On July 6, 1957, Althea Gibson won the women’s singles title at Wimbledon. She was the first African American to win a tennis championship at the historic All England Lawn Tennis & Croquet Club.
Born on August 25, 1927, in Silver, South Carolina, Gibson grew up in New York’s Harlem, a haven for black artists, musicians, and intellectuals in the 1920s. She took her first tennis lesson at the age of thirteen after receiving a tennis racket as a gift. A year later, she won her first tournament in a match sponsored by the American Tennis Association, a mainly African-American league.
Gibson won the national black women’s championship twice before attempting to gain entry into the U.S. National Tennis Championships in 1950. When it appeared that Gibson would not be admitted, Alice Marble, a four-time winner of the event, spoke out on her behalf in a letter to the American Lawn Tennis magazine. The United States Lawn Tennis Association then invited Gibson to the tournament, where she was the first African American to compete for the U.S. Nationals.
Gibson went on to win two U.S. National championships and to become the first African American to win the U.S. Nationals and the French Open. Between 1956 and 1958, she brought home several major titles, including the French Open singles and doubles, the Italian Open singles, Wimbledon singles and doubles, and the U.S. Open singles. In 1957, and again in 1958, Gibson was selected as athlete of the year by the Associated Press, the first black female so honored. In 1958, she wrote a book about her life called I Always Wanted to Be Somebody. In 1971, she was voted into the National Lawn Tennis Association Hall of Fame.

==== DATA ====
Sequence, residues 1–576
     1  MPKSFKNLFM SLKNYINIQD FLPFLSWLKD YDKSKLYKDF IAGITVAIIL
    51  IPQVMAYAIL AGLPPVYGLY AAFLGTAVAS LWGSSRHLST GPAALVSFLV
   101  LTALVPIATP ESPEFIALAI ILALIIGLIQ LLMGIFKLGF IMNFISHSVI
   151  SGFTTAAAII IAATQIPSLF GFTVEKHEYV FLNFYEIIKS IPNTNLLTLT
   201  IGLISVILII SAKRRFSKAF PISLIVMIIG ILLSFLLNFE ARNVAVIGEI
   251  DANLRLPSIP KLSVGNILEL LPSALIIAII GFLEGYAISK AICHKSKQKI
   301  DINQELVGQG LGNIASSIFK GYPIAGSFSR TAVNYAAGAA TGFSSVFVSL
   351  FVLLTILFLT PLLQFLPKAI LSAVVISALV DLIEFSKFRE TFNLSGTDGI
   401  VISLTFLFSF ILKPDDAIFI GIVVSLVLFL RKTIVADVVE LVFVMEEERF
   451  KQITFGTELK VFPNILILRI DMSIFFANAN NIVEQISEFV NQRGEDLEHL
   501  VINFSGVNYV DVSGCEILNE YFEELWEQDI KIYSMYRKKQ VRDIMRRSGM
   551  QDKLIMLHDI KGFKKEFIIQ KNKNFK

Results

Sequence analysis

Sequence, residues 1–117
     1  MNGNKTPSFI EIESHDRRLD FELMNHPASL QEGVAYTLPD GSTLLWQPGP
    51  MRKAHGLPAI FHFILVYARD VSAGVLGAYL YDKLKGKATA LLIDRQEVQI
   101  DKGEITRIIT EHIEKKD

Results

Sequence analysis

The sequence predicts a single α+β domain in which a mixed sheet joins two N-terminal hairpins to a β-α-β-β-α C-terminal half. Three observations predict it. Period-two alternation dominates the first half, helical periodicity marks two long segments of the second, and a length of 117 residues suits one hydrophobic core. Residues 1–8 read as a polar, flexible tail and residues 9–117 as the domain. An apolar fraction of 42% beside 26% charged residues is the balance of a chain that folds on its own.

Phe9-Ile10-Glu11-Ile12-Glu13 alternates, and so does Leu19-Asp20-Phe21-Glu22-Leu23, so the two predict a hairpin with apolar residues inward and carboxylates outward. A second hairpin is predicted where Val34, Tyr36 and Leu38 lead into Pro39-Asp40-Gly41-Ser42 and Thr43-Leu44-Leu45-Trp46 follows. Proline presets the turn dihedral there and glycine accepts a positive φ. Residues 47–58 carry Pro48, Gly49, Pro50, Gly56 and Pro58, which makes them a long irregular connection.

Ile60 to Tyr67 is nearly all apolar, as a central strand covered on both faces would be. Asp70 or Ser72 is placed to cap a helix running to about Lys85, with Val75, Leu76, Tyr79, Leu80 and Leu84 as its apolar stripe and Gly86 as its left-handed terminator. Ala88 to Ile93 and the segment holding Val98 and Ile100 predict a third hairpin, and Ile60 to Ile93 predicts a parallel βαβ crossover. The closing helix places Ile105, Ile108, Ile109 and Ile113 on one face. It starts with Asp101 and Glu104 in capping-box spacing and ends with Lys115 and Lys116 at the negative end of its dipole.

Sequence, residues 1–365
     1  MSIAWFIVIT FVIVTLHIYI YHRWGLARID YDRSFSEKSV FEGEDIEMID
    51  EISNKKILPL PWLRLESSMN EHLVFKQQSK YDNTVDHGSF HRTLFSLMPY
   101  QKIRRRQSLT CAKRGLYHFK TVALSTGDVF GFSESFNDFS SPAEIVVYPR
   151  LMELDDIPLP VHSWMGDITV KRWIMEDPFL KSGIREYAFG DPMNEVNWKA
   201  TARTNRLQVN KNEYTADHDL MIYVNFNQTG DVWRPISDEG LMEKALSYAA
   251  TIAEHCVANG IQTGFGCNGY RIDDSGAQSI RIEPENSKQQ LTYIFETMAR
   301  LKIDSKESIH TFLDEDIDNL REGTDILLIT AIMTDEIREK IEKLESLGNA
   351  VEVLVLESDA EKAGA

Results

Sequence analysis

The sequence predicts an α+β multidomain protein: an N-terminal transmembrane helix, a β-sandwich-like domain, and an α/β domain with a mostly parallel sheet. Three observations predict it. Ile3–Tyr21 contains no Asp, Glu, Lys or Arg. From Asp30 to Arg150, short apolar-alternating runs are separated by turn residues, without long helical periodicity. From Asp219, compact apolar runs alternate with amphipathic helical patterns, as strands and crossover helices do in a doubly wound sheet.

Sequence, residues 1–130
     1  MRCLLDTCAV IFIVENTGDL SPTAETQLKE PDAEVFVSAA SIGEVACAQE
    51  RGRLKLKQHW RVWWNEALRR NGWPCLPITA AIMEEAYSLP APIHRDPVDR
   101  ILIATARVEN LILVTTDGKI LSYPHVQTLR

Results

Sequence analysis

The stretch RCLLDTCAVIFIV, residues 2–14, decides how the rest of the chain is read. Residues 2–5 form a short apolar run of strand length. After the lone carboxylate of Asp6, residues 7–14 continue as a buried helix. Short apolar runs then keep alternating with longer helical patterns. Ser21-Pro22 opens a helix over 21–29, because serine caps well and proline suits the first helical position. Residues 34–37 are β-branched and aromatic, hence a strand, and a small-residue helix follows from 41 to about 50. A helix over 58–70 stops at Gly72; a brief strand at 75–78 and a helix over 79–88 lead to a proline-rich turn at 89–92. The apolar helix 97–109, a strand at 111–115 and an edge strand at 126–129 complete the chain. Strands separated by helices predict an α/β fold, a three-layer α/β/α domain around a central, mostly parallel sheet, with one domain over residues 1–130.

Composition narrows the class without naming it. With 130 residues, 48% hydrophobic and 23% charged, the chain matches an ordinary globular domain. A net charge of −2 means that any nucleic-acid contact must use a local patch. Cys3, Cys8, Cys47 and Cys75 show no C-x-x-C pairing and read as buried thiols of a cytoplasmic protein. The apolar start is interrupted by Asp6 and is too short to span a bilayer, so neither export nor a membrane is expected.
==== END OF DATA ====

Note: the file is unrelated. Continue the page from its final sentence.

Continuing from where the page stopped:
Gibson served as New Jersey’s commissioner of athletics from 1975 until 1985. In 1980 she was among the first six athletes elected to the Women’s Sports Hall of Fame. In 1991, she was the first woman to receive the Theodore Roosevelt Award, the National Collegiate Athletic Association’s top honor.
Gibson struggled against segregation throughout her career. Often she was denied entry into hotels and restaurants while on tour. Her perseverance in spite of these obstacles paved the way for many athletes who followed her, such as the tennis great Arthur Ashe.
Gibson’s same strength of character and purpose was shared by other ground breaking African-American athletes, including Jesse Owens, who won four gold medals in the 1936 Berlin Olympics during the height of Hitler’s propagation of Arian supremacy; and Jackie Robinson, who broke the color barrier in Major League Baseball in 1947.
On September 28, 2003, Gibson died after a long illness of respiratory failure at East Orange General Hospital in New Jersey. She was seventy-six years old. According to The Sports Network, several hundred mourners showed up to pay their respects to Gibson.